Sunday, November 9, 2014

My vacation to Abu Dhabi and Oman

About a month ago I took a week-long vacation to the city of Abu Dhabi and the country of Oman. In this blog post I will try to focus on the best elements of that trip instead of every moment because I'd be writing all day. It should be noted that I traveled in a group of 5 ex-pat teachers (including myself), and none of us had been to these countries before.

We spent Friday in Bahrain, exploring the area of Adliya. Overall this was a decent area of town, quiet and containing several nice restaurants. We unfortunately couldn't visit the Grand Mosque of Bahrain because of Friday prayer but we got some great photos of it.
Grand Mosque Bahrain

We had an evening flight so I spent the afternoon reading outside of a Starbucks in a mall. I've found that on flight days, I really like to just sit and read, assured that I'm ahead of time and have a plan for getting to the airport.

Check-in at the Bahrain International Airport was smooth and quick. I was surprised to see prize cars parked alongside travel goods! Our flight was also quick and easy, setting us down in Abu Dhabi (which is an hour different) in the middle of the night. We'd decided to rent a car from Abu Dhabi and drive around Oman. I won't call it a road-trip because we definitely did not sleep in the car or in tents beside the car, but in nice hotels.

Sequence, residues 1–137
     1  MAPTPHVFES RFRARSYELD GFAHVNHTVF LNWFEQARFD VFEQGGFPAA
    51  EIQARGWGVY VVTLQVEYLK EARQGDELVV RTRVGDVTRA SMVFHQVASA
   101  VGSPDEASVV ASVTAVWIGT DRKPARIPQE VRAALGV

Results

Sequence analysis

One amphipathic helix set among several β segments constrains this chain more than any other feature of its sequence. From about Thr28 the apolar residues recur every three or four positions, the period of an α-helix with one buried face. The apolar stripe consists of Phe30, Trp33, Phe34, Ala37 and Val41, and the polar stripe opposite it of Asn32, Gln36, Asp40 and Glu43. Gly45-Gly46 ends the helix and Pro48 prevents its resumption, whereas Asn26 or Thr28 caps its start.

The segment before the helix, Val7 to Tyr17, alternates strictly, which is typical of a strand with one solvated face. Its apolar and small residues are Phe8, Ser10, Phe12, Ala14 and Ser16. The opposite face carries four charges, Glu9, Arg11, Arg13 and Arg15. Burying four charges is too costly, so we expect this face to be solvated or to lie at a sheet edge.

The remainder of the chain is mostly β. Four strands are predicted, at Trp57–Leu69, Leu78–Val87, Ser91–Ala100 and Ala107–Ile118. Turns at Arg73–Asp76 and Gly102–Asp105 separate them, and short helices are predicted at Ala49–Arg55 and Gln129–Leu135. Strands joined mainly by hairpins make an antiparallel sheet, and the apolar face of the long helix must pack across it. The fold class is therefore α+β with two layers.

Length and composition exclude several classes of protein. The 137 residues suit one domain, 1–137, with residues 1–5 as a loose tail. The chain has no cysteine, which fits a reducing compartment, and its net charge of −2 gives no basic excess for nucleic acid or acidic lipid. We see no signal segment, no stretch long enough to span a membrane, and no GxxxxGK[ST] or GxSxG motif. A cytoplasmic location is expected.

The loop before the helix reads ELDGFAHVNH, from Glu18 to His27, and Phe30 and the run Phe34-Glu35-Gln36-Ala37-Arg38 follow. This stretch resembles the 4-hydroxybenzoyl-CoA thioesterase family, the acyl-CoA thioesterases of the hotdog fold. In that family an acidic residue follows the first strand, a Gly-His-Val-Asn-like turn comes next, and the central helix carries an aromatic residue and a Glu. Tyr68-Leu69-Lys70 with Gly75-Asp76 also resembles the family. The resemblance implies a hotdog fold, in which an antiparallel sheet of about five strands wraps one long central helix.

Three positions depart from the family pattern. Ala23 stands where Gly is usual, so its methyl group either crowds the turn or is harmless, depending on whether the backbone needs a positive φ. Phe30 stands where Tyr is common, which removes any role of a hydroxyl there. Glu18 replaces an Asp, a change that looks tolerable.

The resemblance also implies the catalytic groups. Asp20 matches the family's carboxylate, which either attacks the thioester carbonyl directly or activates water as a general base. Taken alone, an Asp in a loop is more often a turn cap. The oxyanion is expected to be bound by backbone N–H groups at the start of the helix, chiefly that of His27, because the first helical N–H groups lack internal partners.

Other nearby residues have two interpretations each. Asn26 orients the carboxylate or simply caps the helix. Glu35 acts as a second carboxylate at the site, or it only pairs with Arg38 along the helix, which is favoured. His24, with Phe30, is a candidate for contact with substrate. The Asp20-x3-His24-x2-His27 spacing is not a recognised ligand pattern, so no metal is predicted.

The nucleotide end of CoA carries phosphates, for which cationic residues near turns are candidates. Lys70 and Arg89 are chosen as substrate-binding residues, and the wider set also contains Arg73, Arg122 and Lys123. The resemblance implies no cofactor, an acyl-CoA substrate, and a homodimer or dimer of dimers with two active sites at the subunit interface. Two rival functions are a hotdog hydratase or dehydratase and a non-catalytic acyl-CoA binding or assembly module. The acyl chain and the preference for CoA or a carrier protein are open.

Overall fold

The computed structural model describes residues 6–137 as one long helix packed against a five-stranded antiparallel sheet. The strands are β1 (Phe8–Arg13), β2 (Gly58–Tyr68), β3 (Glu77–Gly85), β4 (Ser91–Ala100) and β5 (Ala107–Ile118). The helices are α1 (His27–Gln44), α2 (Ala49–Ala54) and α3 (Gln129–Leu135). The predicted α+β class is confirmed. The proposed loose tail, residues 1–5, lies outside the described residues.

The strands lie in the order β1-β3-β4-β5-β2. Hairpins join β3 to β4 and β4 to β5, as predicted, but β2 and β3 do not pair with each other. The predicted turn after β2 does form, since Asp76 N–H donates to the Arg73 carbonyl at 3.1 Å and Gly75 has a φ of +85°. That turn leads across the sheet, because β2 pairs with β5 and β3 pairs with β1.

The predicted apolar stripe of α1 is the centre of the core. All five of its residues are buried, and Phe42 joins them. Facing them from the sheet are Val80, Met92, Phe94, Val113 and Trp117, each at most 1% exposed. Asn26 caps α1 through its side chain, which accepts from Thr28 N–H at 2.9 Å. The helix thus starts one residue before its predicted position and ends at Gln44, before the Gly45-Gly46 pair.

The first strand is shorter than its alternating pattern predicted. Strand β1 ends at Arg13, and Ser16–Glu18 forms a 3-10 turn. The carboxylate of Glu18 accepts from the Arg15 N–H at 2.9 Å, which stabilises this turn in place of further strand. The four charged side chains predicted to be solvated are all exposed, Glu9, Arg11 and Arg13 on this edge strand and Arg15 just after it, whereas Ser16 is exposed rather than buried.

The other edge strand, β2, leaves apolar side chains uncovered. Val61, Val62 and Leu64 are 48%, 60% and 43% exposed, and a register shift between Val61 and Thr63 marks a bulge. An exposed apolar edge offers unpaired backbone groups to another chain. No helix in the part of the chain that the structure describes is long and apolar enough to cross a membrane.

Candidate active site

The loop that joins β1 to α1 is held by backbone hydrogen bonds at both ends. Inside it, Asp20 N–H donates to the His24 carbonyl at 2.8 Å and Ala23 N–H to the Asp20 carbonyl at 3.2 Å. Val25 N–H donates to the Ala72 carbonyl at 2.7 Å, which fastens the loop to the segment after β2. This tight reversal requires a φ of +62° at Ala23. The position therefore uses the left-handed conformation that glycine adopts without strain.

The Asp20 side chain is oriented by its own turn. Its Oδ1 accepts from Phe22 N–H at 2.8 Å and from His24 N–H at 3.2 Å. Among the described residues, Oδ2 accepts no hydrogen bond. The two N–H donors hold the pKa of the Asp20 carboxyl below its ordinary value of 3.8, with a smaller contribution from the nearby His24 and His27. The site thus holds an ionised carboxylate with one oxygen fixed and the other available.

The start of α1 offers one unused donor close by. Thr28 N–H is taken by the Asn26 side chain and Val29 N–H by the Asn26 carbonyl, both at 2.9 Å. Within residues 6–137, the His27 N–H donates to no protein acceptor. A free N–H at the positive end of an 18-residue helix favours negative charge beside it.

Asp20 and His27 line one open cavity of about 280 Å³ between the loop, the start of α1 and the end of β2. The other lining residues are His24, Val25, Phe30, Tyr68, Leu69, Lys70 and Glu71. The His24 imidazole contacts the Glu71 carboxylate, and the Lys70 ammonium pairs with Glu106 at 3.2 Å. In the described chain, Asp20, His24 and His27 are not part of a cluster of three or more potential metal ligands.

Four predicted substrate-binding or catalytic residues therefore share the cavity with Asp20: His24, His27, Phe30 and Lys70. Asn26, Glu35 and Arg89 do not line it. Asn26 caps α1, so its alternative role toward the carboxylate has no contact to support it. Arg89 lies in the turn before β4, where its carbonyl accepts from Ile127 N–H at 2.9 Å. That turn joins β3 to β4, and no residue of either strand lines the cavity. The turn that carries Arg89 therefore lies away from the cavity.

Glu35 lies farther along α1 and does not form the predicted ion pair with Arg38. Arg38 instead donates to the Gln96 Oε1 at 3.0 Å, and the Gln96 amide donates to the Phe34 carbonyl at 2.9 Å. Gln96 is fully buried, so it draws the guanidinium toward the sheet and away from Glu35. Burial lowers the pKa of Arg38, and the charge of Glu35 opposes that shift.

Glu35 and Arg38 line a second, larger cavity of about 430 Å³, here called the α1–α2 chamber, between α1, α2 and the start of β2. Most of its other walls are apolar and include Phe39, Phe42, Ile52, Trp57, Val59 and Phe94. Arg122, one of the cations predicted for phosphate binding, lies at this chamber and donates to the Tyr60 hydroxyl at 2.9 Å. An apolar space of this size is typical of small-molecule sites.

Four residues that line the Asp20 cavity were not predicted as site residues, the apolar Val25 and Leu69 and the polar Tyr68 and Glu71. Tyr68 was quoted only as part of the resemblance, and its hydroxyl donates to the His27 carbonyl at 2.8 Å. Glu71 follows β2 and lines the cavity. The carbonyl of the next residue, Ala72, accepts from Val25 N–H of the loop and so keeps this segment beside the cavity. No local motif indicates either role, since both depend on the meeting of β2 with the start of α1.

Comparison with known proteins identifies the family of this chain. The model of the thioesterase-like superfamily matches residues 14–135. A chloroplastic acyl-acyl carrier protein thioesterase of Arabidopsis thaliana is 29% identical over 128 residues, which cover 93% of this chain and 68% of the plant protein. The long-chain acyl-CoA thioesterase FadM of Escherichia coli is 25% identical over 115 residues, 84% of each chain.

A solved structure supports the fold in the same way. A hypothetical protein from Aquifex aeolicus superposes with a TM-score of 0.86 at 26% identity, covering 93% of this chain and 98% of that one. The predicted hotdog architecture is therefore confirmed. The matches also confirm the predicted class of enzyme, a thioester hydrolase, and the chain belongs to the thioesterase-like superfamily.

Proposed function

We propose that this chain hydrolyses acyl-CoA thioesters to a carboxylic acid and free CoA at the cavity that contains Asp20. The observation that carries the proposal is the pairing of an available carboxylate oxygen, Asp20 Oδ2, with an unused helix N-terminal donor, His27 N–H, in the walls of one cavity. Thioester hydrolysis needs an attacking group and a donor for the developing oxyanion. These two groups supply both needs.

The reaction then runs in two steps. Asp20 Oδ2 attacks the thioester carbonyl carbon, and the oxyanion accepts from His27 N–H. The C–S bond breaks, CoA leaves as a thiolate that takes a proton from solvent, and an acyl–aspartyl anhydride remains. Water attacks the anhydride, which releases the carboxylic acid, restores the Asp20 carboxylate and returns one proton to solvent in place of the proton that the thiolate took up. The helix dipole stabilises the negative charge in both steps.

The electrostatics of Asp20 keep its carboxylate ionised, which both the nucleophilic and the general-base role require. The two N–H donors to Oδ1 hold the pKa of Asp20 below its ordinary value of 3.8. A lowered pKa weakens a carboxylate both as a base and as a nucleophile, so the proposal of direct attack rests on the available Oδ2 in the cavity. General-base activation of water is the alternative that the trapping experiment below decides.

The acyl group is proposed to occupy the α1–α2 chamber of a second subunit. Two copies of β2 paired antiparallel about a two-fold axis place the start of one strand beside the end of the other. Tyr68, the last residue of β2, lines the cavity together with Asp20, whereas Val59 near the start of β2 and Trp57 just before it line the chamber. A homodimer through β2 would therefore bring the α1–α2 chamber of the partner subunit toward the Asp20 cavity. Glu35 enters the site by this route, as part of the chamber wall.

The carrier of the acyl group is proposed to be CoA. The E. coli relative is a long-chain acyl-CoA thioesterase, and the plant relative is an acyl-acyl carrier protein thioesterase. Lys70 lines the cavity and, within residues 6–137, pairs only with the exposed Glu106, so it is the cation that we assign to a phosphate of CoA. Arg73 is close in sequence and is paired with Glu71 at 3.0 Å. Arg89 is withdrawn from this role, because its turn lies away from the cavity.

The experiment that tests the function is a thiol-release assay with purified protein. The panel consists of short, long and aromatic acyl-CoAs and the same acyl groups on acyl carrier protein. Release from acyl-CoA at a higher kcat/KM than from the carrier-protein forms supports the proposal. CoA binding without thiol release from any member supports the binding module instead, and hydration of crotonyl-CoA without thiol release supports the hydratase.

Prize cars in the Bahrain airport

Speaking of the car, while everything did work out and we had enough drivers, it was quite frustrating to find out that while women are allowed to drive in the U.A.E. and Oman, I'm not allowed to drive a rental car because I am still too young (under 25). I therefore took the post of navigator for the majority of the trip, and my first task was directing us to our Abu Dhabi hotel.

Our hotel was very nice, I'd recommend it: Aloft Hotel Abu Dhabi, though they have many sites worldwide. It was definitely a young, party-happy hotel, which was evident by the swarms of party-goers existing a pool party as we checked in.

On Saturday we went to visit the Abu Dhabi Grand Mosque, renowned as being one of the largest mosques in the world. The shimmering white domes were beautiful against the blue sky. Again, we weren't able to go in, but we we enjoyed wandering around the outside taking photos.
Me at the Grand Mosque, Abu Dhabi

One thing I should note, the weather was hot during this whole trip. There wasn't a day I didn't sweat through what I was wearing. Just know that October in the Gulf is like July in the US (east coast). Luckily it was also fairly windy, but still, if you don't like heat, don't come to this part of the world until at least November.

After the Grand Mosque we drove down the corniche and went to Marina Mall. I was quite impressed with the scale of Abu Dhabi, and it was very clean. We wandered around the marina area and got some photos of the skyline.
A building in Abu Dhabi

We spend the evening relaxing by the hotel pool and went out for dinner by the corniche. Afterwards we walked around a fountain on the corniche and took a (almost everyone included) group photo. It always surprises me how empty the corniche is during the day but at night it is swarming with people. The temperature is certainly nicer in the evenings.
Almost all of our group at a fountain on Abu Dhabi's corniche

We left Abu Dhabi in our rental SUV the next morning and drove toward Oman. The roads were pretty clear and it was fairly easy to cross the borders, though it cost more than we'd expected. Arrival visas in hand, we approached the mountains of Oman, vastly different from the flat lands of Saudi Arabia, Bahrain, and Abu Dhabi. This was our view as we began our trip around Oman.
Driving into Oman from Abu Dhabi